I, as an Atheist, can appreciate the Pope’s wisdom regarding individual actions to address Climate Change, even though I believe in a practical sense our individual actions need to be accompanied by systemic societal changes and in a time frame that will actually make a difference; otherwise, our little experiment with life on this planet will be over.

There is a nobility in the duty to care for creation through little daily actions, and it is wonderful how education can bring about real changes in lifestyle. Education in environmental responsibility can encourage ways of acting which directly and significantly affect the world around us, such as avoiding the use of plastic and paper, reducing water consumption, separating refuse, cooking only what can reasonably be consumed, showing care for other living beings, using public transport or car-pooling, planting trees, turning off unnecessary lights, or any number of other practices. All of these reflect a generous and worthy creativity which brings out the best in human beings. (211, Encyclical)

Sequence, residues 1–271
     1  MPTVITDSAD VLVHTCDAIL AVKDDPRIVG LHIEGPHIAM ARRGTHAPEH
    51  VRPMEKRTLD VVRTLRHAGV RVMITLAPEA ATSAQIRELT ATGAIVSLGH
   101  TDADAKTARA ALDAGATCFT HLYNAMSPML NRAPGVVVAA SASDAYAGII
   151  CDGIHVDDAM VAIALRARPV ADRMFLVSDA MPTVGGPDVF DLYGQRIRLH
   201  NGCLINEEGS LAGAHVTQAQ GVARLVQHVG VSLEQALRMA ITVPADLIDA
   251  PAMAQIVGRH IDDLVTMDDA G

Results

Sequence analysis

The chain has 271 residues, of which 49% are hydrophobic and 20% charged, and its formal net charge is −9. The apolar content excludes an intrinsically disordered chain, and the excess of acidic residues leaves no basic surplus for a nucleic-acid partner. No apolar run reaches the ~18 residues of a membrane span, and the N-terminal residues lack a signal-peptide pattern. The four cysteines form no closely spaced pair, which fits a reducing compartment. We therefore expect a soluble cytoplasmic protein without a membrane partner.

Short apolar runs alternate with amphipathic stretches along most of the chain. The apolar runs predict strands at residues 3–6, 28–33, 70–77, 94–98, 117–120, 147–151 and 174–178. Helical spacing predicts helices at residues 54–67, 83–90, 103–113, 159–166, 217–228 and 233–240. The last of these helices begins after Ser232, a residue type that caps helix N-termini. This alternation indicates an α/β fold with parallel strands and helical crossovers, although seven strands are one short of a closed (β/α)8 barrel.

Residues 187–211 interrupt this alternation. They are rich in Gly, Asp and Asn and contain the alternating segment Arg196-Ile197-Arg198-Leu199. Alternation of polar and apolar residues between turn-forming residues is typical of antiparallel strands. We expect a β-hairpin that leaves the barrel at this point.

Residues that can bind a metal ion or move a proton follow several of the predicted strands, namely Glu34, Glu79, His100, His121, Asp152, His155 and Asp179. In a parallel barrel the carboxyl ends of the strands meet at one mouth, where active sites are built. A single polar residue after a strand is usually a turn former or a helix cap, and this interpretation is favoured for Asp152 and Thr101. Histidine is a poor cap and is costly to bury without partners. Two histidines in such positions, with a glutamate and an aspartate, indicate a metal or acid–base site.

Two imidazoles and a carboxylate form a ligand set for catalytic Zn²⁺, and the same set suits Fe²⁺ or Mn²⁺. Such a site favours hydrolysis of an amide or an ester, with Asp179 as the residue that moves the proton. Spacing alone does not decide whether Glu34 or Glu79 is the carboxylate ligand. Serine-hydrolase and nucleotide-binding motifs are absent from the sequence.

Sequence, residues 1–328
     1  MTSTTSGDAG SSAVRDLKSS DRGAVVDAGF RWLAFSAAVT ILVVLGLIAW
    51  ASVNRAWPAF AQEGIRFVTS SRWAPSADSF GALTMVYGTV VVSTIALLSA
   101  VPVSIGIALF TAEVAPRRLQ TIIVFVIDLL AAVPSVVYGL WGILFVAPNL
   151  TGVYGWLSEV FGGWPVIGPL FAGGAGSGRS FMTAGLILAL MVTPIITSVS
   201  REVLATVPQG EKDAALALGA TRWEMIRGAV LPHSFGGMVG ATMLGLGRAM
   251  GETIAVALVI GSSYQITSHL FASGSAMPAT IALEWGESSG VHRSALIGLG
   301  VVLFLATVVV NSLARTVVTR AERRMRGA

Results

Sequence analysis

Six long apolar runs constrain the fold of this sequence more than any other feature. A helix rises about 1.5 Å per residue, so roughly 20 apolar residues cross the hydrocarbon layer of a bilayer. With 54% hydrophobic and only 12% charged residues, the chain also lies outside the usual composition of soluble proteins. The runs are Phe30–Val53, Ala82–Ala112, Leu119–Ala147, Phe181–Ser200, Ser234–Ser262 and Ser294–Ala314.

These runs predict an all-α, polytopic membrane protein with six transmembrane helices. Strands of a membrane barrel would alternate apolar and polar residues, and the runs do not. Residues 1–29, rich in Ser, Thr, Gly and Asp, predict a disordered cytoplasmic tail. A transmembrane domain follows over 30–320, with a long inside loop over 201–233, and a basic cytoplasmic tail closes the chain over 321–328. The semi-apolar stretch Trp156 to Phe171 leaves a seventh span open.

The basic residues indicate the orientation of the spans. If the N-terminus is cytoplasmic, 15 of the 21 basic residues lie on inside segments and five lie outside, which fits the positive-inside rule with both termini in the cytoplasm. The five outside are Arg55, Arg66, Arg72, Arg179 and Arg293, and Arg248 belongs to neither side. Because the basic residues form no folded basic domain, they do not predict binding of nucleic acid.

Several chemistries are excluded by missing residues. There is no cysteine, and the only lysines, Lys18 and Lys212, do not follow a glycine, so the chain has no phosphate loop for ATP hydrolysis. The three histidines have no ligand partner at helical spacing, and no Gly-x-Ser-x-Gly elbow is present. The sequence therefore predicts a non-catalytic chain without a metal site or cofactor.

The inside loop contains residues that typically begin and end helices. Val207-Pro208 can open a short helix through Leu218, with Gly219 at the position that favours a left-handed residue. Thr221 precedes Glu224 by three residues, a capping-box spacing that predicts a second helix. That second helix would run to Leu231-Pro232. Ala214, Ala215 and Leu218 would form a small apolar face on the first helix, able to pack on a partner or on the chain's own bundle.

However noble our everyday actions, at this point in time they will not be enough to mitigate Climate Change. Those kind of actions must come from our leaders. Still, if we change our ways, Pope Francis implores “… any place can turn from being a hell on earth into the setting for a dignified life.” (149, Encyclical)

Hell on earth doesn’t have to happen if we listen to the wise voices that focus our priorities on our life support system—and not try to bake in all our whims and desires into them before we act.
*Ok, there was a moment when folks in Rochester came together (albeit on the radio) and talked about the Pope’s Encyclical:

Connections: The Pope and Climate Issues We examine the meaning of Pope Francis' new encyclical on climate change. What does it mean for the Catholic Church? More broadly, what does it mean when an organized religion wades into climate issues? Our panel discusses that and more: (June 22, 2015) Connections 


There should be more platforms for local Climate Change discussions.  With Climate Change and the disproportionate suffering of those who did not cause this crisis, it will indeed be a very hot hell on earth.